Jamaica Preaching Course – Reflection by Johnis Burton

Jamaica Preaching Course

Johnis Burton is  student from Jamaica taking preaching at Christian Leaders Institute. This Jamaica preaching course ends with a reflection what he learned. This is his reflection:

The weeks of training in different skills areas and the formulation of sermons have brought a whole new rage of concepts and ideas to mind. The art of constructing a proper sermon is dependent on the individual for one, the type of people that we are target to get the message across and the varieties of format style that can be used to present the message. The information presented in this class have open new avenue to something that I have never done before and so all the knowledge that I have gathered have become useful for future reference.

I have learnt the different types of sermon that are available and how they are used depending on your audience or your preference. These different type of sermons approach ranges from topical, exegetical, expository, testimonial etc. I have also grasped the idea that Jesus’ ministry was one in which His parching style uses illustrations and stories to reach and appeal to the mind of the wider sect.  This is a form of preaching that may appeal to people who sees and remember thing by such means.  Examples of this preaching style was demonstrated if further weeks using power points to drive the message home.

An effective sermon presents a problem and gives solution that will help. When the audience see that there is a problem and a solution is forth coming they will listen to the end of the entire sermon. Sermon construction teaches how to introduce a problem to your audience who might not even have a problem until you present one. People who go to church go there to find spiritual guidance or for a peace of mind. They are searching for love and a sort of carefree comfort that will allow them to forget about the care of the world at least for a few hours.  And so presenting them with a problem (may be theirs) will help them to see that through God all things are possible. The elements that can help to introduce a problem are: The fallen condition focus; an illustration that makes you audience feel the fallen condition; the propositional statement. With these three key elements the preacher can set the stage for the sermon and in doing so may help someone who is in desperate need of a word. As the weeks progresses I started to understand more to the point that preaching takes more than meet the eyes. Preaching and sermon construction is something that take focus on our part and the intervention of the Holy Spirit to write and deliver the message but most of all the Holy Spirit have to open the hearts of the audience to receive the message. This is where prayer, fasting, and the skills associated with speaking techniques comes into play. CLI does a great job by incorporate this method into almost each class to help learner to understand the importance of speaking when presenting a sermon. Even though it can be used in whatever speaking occasion may arise. The speaking and presentation techniques that Karen Friedman and Andrew Bryant presents was clear cut and brought new insight to how a presentation should be done in order to capture and engage your listeners.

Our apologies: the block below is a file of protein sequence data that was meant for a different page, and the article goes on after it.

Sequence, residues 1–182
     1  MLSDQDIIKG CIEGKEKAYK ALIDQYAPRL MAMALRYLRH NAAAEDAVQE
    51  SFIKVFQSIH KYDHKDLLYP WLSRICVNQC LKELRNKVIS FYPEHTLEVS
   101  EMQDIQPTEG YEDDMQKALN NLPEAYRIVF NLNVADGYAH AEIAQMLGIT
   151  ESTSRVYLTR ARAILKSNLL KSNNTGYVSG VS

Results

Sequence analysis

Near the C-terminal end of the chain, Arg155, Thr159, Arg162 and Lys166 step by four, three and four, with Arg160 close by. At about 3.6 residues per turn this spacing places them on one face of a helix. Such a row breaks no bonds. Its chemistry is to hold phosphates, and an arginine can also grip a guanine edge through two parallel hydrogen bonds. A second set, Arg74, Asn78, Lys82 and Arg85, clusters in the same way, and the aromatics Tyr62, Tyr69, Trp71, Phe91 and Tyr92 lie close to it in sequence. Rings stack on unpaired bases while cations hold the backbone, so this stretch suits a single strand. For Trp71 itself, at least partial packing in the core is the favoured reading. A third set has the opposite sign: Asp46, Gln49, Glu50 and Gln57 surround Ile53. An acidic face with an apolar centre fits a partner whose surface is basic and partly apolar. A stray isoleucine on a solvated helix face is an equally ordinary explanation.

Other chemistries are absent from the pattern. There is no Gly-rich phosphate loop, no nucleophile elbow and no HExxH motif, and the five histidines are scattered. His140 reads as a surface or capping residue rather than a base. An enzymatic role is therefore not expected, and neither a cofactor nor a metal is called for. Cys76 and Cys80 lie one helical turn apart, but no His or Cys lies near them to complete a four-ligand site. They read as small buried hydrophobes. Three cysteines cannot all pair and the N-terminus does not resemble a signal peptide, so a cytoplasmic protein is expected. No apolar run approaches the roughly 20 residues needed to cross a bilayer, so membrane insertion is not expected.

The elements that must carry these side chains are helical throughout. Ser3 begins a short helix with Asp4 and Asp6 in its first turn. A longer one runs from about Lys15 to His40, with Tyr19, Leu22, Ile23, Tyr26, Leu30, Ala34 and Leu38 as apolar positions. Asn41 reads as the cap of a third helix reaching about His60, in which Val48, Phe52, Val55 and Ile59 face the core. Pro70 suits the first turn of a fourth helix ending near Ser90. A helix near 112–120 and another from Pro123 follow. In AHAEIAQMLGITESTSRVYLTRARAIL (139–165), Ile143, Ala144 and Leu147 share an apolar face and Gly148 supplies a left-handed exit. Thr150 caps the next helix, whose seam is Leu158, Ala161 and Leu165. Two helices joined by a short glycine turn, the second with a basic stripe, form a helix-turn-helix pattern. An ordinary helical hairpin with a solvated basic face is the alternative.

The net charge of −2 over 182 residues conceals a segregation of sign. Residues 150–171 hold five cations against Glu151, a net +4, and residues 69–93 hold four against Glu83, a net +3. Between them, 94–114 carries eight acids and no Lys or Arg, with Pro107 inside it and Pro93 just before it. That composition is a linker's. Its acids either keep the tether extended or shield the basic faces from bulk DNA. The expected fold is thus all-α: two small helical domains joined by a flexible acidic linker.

Jamaica Preaching Course Video Reflections

There was one video presentation by John Piper that spoke to me as he dealt with the outlines of what Expository Exultation is and how to use them effectively. According to Piper the aim of this exposition is to help you eat and digest biblical truth that will: